Thursday April 24, 2014
Women Infantry in My FoxholePhillip Leveque Doctor of Pharmacology Salem-News.com
I would welcome anybody...
(PORTLAND, OR) - This current big furor about women in combat is about the most ridiculous stuff I have ever read. They have been in every war, every place, since time began. Likewise, they have been in every American war since 1776. In this regard I posted, on December 4, 2010, in Salem-News.com, Women Veteran Suicides: Is this SOP (Standard Operating Procedure)?
Doctor Mary Walker, in the Civil War, was the first woman to receive the Medal of Honor for bravery. This was about the first time that American women, who served as doctors and nurses, were recognized as participants, but not considered combatants. After that they continued to serve the wounded, mangled and dying soldiers. That is tough duty even for men.
In World War Two in Italy, there were only front lines, and hospitals near the front were bombed by German artillery. Four nurses received Silver Stars for protecting their patients when their own bodies. Many nurses got six or more battle stars for different battles in various theaters. Sixty nurses were killed in battle action and 200 more from accidents or illness. Collectively, they received Silver Stars, Distinguished Service Medals, many Bronze Stars for Valor, Air Medals and numerous Purple Hearts. No one can deny the nurse's valorous service. They were usually closer to the front lines of battle than most of the male military who were far back of the lines in service companies or transportation companies supplying the needs of infantry, tankers, artillery and combat engineers.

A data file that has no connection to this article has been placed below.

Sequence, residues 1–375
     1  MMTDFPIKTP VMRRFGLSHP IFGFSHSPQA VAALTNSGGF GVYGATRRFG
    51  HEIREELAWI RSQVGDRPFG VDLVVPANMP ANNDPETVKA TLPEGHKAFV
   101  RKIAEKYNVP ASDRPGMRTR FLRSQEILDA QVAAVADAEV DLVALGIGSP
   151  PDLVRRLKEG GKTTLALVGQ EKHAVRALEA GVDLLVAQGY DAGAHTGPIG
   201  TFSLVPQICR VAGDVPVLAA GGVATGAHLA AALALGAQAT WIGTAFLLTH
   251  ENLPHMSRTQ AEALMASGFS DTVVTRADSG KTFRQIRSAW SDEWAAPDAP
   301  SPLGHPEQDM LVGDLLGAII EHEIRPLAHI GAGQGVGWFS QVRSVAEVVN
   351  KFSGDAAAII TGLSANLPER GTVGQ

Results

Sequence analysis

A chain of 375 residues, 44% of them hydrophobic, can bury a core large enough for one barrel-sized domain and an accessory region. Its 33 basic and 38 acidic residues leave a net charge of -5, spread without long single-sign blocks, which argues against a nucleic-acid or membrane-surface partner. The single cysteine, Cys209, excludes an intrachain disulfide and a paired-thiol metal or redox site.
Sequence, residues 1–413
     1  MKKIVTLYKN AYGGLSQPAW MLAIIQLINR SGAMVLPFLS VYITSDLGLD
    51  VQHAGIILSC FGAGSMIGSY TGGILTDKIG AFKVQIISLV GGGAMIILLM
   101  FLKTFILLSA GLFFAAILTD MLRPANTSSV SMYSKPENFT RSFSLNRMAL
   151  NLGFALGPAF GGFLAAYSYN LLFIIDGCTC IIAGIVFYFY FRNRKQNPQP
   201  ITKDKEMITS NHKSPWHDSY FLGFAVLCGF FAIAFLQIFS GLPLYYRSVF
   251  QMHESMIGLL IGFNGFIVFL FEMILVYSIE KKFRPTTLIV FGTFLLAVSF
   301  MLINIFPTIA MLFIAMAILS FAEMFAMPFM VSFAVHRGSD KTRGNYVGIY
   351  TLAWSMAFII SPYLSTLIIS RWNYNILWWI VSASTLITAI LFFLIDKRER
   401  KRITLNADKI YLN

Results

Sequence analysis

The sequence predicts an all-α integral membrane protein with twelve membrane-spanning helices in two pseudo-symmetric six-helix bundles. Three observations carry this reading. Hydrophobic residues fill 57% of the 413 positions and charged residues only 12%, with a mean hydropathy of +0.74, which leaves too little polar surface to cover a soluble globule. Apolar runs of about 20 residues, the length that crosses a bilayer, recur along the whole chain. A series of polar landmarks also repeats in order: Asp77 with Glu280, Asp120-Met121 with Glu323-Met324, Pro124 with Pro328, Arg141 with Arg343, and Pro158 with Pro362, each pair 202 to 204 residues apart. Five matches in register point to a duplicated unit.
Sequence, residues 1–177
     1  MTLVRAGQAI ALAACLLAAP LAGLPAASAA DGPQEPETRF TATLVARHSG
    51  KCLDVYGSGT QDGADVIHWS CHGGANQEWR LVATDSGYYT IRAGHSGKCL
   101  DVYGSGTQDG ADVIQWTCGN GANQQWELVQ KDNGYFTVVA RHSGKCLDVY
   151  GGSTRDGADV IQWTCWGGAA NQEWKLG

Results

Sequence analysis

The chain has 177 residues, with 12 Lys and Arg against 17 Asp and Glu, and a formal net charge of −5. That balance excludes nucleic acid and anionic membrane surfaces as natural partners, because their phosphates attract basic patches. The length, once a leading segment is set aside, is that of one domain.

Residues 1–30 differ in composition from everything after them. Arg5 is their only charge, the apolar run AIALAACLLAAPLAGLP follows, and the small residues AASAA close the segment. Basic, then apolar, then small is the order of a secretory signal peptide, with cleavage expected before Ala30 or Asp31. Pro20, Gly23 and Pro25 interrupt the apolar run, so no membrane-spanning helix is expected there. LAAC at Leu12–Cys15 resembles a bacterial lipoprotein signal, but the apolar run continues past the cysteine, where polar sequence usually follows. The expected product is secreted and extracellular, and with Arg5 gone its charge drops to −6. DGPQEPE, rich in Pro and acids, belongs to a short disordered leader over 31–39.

The infantry, which suffered the worst casualties, 300 thousand killed, and about 600,000 wounded, were always short of "man power". My intelligence section started out with seven privates and ended up with just three. One of my worst nights was in a forward observation foxhole, all by myself, a mile in front of the front lines. I knew I couldn't survive. Any companion, male or female, would have been wholeheartedly welcome, but I was told there were none to spare. I think the guys "back of the front" were watching USO movies or drinking coffee and donuts with 'Donut Dollies' (Red Cross girls).
It is time to admit women volunteers to the infantry, tanks, artillery and engineers. I say this as a Combat Infantryman. When I had my draft board physical, about one third flunked out. Why is a mystery. In the infantry, about one third should not have been there in the first place. That left a small number of combat soldiers not only protecting themselves, but those who shouldn't have been close to the front lines.
LET THE WOMEN VOLUNTEER. I WOULD WELCOME ANY ONE TO MY FOXHOLE IN AN ARTILLERY BARRAGE.
Got a question or comment for Dr. Leveque?
More information on the history of Dr. Leveque can be found in his book, General Patton's Dogface Soldier of WWII about his own experiences "from a foxhole".
If you are a World War II history buff, you don't want to miss it.
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